It takes a while to gather readership information, but we just got the download report for late 2008 and early 2009. The top few articles people hit on included T. Ryan Gregory’s two masterful analytical essays, “Understanding Evolutionary Trees” and “Evolution as Fact, Theory and Path.” Next came Kristin Jenkin’s book review of Guns, Germs and Steel by Jared Diamond, followed by Ian Tattersall discussing “What’s so Special about Science?” and rounded out with two classroom pieces designed for use in lesson planning: Annastasia Thanukos’ regular column, Views From Understanding Evolution, devoted to “Parsimonious Explanations for Punctuated Patterns” and Gregory Eldredge on “The Five Major Divisions (Kingdoms) of Life.” To interpret for a moment: the first two articles by Ryan Gregory belong on every evolutionary biologist’s bookshelf, yet they are so clearly written that a good high school biology teacher could build entire units of study around either one. As for the book review, given Diamond’s popularity, may we guess that it has been downloaded by the proverbial General Audience of All Ages and Interests. And the noted primatologist Ian Tattersall’s engaging look at science as a human endeavor embedded within culture is also a great read for anybody from scientists to students. Last of all, the Thanukos and Eldredge downloads give us real proof that teachers want and will access the tools to teach evolution when they are available. It seems that EEO is a hit on every level from the upper reaches of the evolutionary high table right down to the communal trough we call the Internet.

Clearly, our success is a “new media” story. EEO represents a networking of the linear world of print and scholarship with the meshed, linked, and intersecting pathways of the electronic cloud. What an exciting time to start a journal. Yes, there are a few hard copies floating around, but online is where the action is—and the pictures are all in color there, too. Interestingly, old-fashioned, brick-and-mortar libraries may stand at the heart of the revolution. Look at the work of our first prize winner for this year’s Springer award for the Darwin Year Celebration Contest, entitled “Evolve Your Library.” This notable contestant is the science and technology library of the New University of Lisbon in Portugal. They won for a wide-ranging celebration of Darwin and evolution at their Caparica Campus that included theater performances, a book and video exhibit, a recreation of Darwin’s study, an outdoor installation inspired by Darwin’s tree of life, and outreach activities for high school students and senior citizens (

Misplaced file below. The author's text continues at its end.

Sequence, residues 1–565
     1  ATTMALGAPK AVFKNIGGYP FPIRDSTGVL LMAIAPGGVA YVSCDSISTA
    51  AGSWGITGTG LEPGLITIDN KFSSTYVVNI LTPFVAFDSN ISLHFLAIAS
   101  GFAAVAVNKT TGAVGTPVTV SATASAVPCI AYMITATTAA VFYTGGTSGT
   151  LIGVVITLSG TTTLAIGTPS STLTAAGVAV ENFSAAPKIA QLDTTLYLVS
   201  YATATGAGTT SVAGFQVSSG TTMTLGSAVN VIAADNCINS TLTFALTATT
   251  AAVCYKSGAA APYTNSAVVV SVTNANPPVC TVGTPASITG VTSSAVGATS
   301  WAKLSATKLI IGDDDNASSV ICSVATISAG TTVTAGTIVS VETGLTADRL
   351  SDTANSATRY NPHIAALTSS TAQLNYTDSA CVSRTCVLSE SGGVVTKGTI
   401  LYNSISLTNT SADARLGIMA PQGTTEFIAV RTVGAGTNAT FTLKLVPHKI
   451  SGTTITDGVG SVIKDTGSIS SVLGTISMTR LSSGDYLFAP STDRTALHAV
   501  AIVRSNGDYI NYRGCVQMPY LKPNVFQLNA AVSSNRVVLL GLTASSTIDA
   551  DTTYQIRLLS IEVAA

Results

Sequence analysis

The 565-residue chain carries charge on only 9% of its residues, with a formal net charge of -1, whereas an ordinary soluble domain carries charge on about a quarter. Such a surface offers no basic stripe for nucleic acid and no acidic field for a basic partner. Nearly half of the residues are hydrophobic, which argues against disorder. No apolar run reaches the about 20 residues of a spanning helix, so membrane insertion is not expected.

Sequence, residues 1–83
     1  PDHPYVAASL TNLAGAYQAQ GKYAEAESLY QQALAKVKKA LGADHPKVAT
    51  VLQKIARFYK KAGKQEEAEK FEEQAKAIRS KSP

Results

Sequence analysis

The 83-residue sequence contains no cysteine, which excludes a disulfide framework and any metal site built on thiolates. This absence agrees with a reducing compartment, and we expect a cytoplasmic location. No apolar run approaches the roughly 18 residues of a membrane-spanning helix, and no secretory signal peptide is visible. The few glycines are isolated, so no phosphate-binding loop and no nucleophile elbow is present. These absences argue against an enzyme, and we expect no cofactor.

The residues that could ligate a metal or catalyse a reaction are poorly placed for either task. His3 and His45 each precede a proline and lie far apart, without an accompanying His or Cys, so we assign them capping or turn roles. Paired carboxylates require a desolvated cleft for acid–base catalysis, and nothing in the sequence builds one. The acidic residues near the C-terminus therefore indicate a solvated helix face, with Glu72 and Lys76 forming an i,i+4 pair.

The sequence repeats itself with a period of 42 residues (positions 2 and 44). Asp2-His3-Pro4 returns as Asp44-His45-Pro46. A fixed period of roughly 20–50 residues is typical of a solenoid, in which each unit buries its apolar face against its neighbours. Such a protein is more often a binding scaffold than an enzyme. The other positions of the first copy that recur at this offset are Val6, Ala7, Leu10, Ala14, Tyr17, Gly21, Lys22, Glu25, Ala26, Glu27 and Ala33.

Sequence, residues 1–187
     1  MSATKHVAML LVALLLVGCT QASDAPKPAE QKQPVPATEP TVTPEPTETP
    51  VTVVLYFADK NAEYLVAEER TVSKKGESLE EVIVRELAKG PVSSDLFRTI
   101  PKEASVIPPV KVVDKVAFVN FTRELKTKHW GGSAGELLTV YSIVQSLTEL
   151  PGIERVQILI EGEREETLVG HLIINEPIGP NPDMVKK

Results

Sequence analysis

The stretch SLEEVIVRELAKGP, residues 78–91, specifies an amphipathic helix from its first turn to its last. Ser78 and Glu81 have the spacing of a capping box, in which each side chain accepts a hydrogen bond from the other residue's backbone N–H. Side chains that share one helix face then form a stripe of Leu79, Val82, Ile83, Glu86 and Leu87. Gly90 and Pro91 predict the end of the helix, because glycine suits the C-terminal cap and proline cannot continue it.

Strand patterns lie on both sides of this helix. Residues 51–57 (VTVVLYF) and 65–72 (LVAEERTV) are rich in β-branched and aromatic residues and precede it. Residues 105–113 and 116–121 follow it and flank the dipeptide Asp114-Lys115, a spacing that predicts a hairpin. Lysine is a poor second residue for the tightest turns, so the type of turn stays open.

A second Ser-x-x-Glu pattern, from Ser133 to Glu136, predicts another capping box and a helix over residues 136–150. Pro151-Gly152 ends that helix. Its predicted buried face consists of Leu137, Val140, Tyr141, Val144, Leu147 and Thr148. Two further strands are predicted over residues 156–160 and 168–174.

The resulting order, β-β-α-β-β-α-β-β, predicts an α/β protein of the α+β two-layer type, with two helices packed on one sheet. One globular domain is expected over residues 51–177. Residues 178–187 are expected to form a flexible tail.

Don’t miss our own latest nod to networked information: First, co-editors Niles and Gregory Eldredge present a radical new integrated approach to teaching K-16 science that highlights evolution, folds the natural world and personal experience back into the curriculum, and turns to alternate resources including the Internet as much as to formal textbooks. Also, Adam Goldstein, our book review editor, starts a new column this issue devoted to Evolution and Education Resources—feel free to send in suggestions for future columns and get updates on our blog and twitter sites as well as our MySpace ( and Facebook pages ( We love to hear from our fans, supporters, and fellow evolutionists, so stay in touch. We particularly urge teachers, scholars, and students from outside the USA to contribute and make this a truly international effort. Next year should be another smash, a dynamic series of special issues starting with another sure-fire instant classic, edited by our esteemed board member John Thompson and his Chilean colleague Rodrigo Medel, on coevolution. Plan to visit us in the New Year for this original issue; then, share your own adventures, lessons, and insights about Evolution: Education and Outreach at

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Correspondence to Mick Wycoff.

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Wycoff, M. Editorial. Evo Edu Outreach 2, 579–580 (2009).